On Mon, Nov 13, 2006 at 01:28:16AM -0800, Ted Mittelstaedt wrote:
> No, they used it all as the Darwin core.  Then they took Darwin and
> added their own GUI (used to be called Aqua) and that is MacOSX.

X11 also comes on the MacOS X DVD, but is not installed by default.

> Bear in mind that the MacOS X gui does not translate directly into
> UNIX.  For example, you can load MacOS System 7 files with a separate
> resource and data fork onto MacOSX.  The MacOS X gui handles a lot of
> this kind of stuff.

I lost you there. "So what?" The classic Mac file format is more
advanced than a Unix (or Windows) flat file. The MacOS X Unix view of
such files is morphed into a directory of files. The GUI turns such
directories into a single application icon which *can* be opened to see
what is inside but normally a double-click or open launches the app.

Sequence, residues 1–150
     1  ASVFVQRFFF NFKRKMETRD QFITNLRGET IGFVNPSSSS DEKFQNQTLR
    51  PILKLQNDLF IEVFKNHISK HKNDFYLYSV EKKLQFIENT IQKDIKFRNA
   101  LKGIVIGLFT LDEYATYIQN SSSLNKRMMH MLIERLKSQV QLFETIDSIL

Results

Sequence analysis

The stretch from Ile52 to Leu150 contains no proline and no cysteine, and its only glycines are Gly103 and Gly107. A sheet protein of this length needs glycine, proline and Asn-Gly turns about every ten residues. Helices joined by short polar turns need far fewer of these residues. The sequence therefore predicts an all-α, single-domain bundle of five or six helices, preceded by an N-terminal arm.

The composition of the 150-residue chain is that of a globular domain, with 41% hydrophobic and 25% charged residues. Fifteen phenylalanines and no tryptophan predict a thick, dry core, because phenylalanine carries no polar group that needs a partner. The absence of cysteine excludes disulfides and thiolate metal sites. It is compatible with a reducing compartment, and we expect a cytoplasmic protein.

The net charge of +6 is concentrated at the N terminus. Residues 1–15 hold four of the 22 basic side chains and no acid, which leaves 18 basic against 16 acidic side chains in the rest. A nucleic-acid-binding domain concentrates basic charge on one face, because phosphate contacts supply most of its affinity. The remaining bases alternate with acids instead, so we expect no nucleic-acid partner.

> Apple also doesen't use the UNIX security model.  As near as I can
> tell their core security model is an ACL model not a user/group model.
> Once again this is something that's handled elsewhere.

Don't know how its done underneath but from a shell and ported
applications it looks exactly the same:

[EMAIL PROTECTED] {767} uname -a
Darwin dot-matrix.local 8.8.0 Darwin Kernel Version 8.8.0: Fri Sep  8 17:18:57 
PDT 2006; root:xnu-792.12.6.obj~1/RELEASE_PPC Power Macintosh powerpc
uid=503(dkelly) gid=501(dkelly) groups=501(dkelly), 81(appserveradm), 
79(appserverusr), 80(admin)
[EMAIL PROTECTED] {769} who am i
dkelly   ttyp2    Nov 13 08:17 
[EMAIL PROTECTED] {770} ls -ld .
drwxr-xr-x   33 dkelly  dkelly  1122 Nov  1 13:30 .

> The biggest problem with MacOS X is that a lot of UNIX software that
> runs on FreeBSD and such, is not ported to MacOSX, and it's very
> difficult to compile on MacOSX.

Really? Good thing I didn't know compiling was difficult. The other day
I wanted a MacOS X version of mkisofs. Copied cdrtools from
/usr/ports/distfiles/ off a FreeBSD machine. Built without a complaint
in moments. Not terribly thrilled with its default install location of
/opt/schily/bin/ but at least its easy to remove.

Whom computers would destroy, they must first drive mad.
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